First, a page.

The Nest Protect, the company’s smoke alarm, is now back on store shelves after a new-age product recall of 440,000 units. I say new-age because the device wasn’t actually recalled in the traditional sense. Nest wasn’t asking that the device be shipped back to its offices; instead, the company urged customers to patch the device with a software update to fix a “bug” that may prevented the device from going off in an emergency.

In reality, the bug wasn’t actually fixed, Nest has instead disabled the feature that was causing the issue (wave to disable), discounted the device by $30.00, and then put the Protect back on the shelves at retailers and online.

The Nest Protect monitors for both smoke and carbon monoxide (CO) in the air before setting off its alarm, and while the ‘wave to disable’ feature has now been disabled, Nest, and by extension Google (who now owns the company) are still confident they can figure out a legitimate fix.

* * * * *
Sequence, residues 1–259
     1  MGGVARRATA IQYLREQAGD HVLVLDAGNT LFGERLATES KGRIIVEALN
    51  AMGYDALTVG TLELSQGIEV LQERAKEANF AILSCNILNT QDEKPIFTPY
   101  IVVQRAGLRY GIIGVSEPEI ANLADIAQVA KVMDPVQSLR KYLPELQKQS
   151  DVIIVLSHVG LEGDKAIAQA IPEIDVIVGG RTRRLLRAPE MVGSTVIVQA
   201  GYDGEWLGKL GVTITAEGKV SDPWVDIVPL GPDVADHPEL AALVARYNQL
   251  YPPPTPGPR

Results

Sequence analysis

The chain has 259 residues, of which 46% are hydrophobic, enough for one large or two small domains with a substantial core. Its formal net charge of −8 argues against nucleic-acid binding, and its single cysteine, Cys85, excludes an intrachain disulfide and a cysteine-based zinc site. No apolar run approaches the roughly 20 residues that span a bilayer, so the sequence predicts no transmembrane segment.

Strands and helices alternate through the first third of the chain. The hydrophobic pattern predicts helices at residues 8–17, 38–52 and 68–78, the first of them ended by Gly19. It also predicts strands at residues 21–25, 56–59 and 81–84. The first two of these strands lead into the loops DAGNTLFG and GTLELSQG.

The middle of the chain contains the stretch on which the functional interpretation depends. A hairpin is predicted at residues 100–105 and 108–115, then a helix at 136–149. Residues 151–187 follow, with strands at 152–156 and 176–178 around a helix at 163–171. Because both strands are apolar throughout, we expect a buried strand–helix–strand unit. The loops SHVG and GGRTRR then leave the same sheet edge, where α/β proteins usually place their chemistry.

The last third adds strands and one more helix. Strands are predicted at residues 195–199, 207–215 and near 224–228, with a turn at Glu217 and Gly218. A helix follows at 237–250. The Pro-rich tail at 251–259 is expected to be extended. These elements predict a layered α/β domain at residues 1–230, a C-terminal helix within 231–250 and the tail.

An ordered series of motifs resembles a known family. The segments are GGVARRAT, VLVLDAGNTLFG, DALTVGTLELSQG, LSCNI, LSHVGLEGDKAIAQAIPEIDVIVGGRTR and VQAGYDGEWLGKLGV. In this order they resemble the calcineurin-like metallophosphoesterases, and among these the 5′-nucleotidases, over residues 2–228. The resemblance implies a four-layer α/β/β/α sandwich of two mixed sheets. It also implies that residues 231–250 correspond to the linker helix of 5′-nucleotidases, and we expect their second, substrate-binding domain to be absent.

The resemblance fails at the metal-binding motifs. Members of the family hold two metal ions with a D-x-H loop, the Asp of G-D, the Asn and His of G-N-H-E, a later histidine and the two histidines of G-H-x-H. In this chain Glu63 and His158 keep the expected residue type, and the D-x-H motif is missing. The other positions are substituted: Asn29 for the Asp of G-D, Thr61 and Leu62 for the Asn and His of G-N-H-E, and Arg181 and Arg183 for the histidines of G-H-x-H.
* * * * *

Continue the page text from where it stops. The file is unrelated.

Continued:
Of course, a new age smoke detector wouldn’t be complete without data gathering technologies, right? Nest has been collecting information about alerts, and the frequency at which they go off, in homes with the Nest Protect installed. According to its findings, Nest has estimated that  at least one million households in the United States, Canada and Britain are exposed to high levels of carbon monoxide each year.  Apparently the average time those events have last is somewhere between 3 minutes to over 24 hours, with a median alert time of 1 hour and 17 minutes.

I don’t know about you, but those times seem a little long. The company doesn’t state what they’re doing to lower those times and make our homes safer, but they do say they’re collecting data so the can figure out “how actual CO events unfold.”

If you own a Nest thermostat there are a few built in tools to help in an emergency. For instance, “Nest Protect will tell the Nest Thermostat to turn off fossil fuel heating during a CO emergency.” That’s a pretty nifty trick that was unavailable in the past, and it’s something that will help lower CO event emergencies in the future, as long as the Protect continues to work bug-free.